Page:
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February 1999
Volume 17, Number 2

Work and Welfare
by Llewellyn H. Rockwell, Jr.

The policy agenda of the Clinton administration is usually described as halting, pragmatic, and poll driven. But in its approach to the issue of medical insurance and the drive to socialize medical care, it has been systematic, principled, and highly strategic. The Clinton government is using the failures and internal contradictions of the welfare state to pursue a program of universal entitlements.

Here is how it works. Under the current system, people receiving large medical benefits from the government must pass certain qualifications. A disability, for example, must be bad enough to prevent them from engaging in "substantial gainful activity." Welfare fraud occurs when a person both draws private income and receives benefits from the government.

The paradox is that this creates a disincentive to return to work. Work is not only disallowed as a matter of law, but the benefits make it possible to remain unemployed. This is why welfare creates dependency. It also tends to reinforce (and subsidize) the terms of eligibility. If being poor and disabled are the tickets to the free ride, poor and disabled is what a person will remain until the benefits are cut off.

This is an unstable mixture, since it violates common sense that a person on welfare cannot be allowed to improve his lot in life without experiencing the punishment of a benefits cutoff. But this sad situation is made necessary by the logic of every half-way program. It inevitably perpetuates the conditions it is said to alleviate. The only way to rectify the problem would be to cut everyone off immediately (the right solution) or, by eliminating all means testing, give everyone equal welfare rights.

The Clinton administration has chosen the second route. This was obvious soon after the failure of its 1994 medical nationalization bill. Using complaints about discrimination, Clinton demanded and got a mandate that businesses expand health insurance coverage to people with mental disabilities. Soon after that fiasco, he got the GOP to agree to an expansion of Medicaid to lower-income children.

Then, in January last year, he raised the specter of Medicare discrimination against people age 55 to 65, a group he called the "near elderly" to add to the eternal litany of other victim groups. To make the idea financially viable, he suggested that people pay below-market prices and have unlimited access. Can't afford not to do it, you know.

Most recently, he proposed rectifying the disincentive-to-work by permitting disability patients to return to work while retaining their medical benefits. In a style pioneered by Jack Kemp, he used conservative language about the virtues of productivity to argue for a vast expansion of Medicare. Yesterday's welfare fraud could become tomorrow's public policy.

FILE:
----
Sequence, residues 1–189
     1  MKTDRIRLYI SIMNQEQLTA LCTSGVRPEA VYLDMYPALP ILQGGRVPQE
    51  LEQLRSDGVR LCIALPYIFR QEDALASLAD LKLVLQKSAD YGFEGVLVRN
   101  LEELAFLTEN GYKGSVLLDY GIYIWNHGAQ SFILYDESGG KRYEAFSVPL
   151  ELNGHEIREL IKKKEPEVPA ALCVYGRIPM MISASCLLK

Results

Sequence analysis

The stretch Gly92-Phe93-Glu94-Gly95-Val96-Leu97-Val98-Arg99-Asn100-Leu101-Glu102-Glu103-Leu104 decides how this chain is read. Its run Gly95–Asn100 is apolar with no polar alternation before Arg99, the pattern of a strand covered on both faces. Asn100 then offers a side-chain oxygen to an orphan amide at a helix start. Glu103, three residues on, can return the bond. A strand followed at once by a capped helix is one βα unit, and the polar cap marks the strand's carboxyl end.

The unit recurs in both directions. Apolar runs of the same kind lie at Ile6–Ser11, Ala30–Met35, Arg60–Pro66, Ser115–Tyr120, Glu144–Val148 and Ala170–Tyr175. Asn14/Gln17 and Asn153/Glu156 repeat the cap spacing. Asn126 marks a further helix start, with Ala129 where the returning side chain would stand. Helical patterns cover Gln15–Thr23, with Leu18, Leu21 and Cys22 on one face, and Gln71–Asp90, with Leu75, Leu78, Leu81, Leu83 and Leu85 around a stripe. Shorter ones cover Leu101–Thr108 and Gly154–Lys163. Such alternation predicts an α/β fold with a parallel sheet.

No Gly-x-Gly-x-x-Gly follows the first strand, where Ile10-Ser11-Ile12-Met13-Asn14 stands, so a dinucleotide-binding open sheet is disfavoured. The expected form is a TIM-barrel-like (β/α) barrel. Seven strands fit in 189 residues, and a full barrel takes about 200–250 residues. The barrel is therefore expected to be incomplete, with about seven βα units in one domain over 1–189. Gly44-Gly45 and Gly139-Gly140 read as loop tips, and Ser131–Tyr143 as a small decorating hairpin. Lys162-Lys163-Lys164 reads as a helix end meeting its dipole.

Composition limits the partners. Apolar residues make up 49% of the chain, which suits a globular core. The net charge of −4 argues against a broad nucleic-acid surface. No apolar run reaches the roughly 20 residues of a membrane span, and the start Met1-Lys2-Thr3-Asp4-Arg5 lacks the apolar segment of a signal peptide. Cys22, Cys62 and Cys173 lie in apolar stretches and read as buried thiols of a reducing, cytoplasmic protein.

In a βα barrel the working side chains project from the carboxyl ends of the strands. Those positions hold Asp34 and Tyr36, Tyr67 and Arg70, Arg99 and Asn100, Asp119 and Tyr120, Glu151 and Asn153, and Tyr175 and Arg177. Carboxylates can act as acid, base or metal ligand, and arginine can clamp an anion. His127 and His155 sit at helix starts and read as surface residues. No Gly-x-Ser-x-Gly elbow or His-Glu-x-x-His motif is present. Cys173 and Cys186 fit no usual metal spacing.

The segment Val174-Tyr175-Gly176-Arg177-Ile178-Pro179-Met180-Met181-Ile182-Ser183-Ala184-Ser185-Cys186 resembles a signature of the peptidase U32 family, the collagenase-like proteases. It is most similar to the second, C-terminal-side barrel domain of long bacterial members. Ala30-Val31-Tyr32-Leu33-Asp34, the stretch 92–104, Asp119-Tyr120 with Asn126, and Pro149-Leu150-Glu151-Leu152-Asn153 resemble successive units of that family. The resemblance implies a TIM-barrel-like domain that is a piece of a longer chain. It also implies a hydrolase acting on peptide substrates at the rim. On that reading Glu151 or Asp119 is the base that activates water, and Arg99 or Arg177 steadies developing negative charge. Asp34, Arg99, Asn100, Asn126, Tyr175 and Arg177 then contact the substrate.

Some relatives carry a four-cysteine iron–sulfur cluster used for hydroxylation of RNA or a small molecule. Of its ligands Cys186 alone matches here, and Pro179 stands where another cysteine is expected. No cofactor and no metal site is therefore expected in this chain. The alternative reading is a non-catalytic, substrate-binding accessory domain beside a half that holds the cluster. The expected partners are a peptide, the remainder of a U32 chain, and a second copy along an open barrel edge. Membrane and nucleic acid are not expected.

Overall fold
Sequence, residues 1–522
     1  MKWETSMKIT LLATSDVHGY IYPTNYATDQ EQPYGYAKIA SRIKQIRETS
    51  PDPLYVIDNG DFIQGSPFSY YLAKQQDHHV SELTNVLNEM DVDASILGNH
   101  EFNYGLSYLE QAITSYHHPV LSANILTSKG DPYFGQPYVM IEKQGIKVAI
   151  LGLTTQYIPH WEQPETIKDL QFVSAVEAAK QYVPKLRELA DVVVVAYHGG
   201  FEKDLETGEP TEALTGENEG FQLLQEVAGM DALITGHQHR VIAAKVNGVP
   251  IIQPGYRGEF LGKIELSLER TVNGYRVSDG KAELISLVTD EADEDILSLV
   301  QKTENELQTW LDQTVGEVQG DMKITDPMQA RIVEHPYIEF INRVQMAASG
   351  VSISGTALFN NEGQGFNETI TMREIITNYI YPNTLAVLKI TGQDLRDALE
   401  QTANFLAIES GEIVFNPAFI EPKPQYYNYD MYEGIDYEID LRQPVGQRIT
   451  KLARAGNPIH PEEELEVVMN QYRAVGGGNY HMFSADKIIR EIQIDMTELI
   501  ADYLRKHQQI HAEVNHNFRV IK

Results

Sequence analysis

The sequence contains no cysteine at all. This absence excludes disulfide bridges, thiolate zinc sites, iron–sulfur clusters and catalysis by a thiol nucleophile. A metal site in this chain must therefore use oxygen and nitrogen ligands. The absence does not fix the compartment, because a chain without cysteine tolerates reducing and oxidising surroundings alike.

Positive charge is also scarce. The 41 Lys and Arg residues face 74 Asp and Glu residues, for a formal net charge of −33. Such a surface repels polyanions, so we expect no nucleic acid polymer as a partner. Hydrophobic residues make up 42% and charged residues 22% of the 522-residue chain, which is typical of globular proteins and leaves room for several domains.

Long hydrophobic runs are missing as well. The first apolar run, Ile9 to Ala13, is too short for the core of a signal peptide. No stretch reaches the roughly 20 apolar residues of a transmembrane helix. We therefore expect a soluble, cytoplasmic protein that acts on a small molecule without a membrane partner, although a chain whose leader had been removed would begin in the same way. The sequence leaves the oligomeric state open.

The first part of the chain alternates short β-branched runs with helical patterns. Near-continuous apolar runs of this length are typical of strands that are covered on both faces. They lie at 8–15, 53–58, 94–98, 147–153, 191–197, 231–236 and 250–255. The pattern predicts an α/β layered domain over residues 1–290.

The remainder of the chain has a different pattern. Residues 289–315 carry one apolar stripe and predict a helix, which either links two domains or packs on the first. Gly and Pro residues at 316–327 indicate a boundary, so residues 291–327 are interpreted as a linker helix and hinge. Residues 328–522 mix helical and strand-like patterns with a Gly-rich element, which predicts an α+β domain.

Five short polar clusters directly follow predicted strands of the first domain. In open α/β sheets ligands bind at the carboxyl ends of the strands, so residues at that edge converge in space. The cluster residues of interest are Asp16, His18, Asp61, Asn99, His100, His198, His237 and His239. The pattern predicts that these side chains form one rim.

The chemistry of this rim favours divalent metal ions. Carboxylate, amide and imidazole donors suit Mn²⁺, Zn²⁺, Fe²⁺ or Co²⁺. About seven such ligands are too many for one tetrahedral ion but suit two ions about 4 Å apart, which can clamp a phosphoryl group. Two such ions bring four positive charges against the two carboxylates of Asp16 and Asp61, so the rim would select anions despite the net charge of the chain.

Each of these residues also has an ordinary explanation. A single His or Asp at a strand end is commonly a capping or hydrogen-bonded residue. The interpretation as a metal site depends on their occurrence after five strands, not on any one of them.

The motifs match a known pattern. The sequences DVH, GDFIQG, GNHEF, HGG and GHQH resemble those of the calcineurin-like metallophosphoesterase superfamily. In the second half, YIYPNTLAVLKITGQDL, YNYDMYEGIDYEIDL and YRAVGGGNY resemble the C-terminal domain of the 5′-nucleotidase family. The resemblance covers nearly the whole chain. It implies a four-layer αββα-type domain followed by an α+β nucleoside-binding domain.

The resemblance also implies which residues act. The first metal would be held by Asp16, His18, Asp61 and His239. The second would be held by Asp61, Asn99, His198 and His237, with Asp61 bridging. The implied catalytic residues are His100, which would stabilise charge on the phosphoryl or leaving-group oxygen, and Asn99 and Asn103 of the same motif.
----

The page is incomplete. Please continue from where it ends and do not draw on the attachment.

Why? The eligibility criterion must be radically changed. No longer would people demonstrate their disability by not working. The benefits would suddenly become available for people presently working. This point was never mentioned in the press reports, but it would mean a huge bloating of a program already wildly out of control.

In the first stages of these proposals, the loyal opposition always swears to defeat the plan. But as time goes on, the Republicans find themselves unable to make a principled case against the program itself and, fearing voter and media reprisal, argue that it is a wonderful program that must be saved. Eventually, of course, the phony opposition accedes to Clinton's demands.

The only way to stop the fiscal and political hemorrhaging of Medicare and Medicaid is to tell the truth. These programs cost vastly more than the same amount of care offered privately. They work as a vast subsidy, not only to individuals, but to a medical industry increasingly de-pendent on government. They vastly drive up medical costs. They lessen the will toward health. They make the public dependent on government and as such are un-American.

It is a grave error for people who generally believe in free markets to exempt special goods and services from the analysis. The market is just as capable of providing education, health care, and security services as it is at providing computers, vegetables, and sporting events. Admitting a market failure in one place means, eventually, admitting that one could conceivably appear anywhere.

The only way to avoid the hell on earth of fully socialized medicine with the government acting as Dr. Kevorkian as well as Big Nurse is to do an about-face now. Every intervention in the medical sector must be scrapped, especially Lyndon B. Johnson's monstrosities of Medicare and Medicaid. They are based on socialistic principles that will eventually bankrupt us, and wreck what's left of quality medical care.

* * * * *
Llewellyn H. Rockwell, Jr., is president of the Ludwig von Mises Institute.

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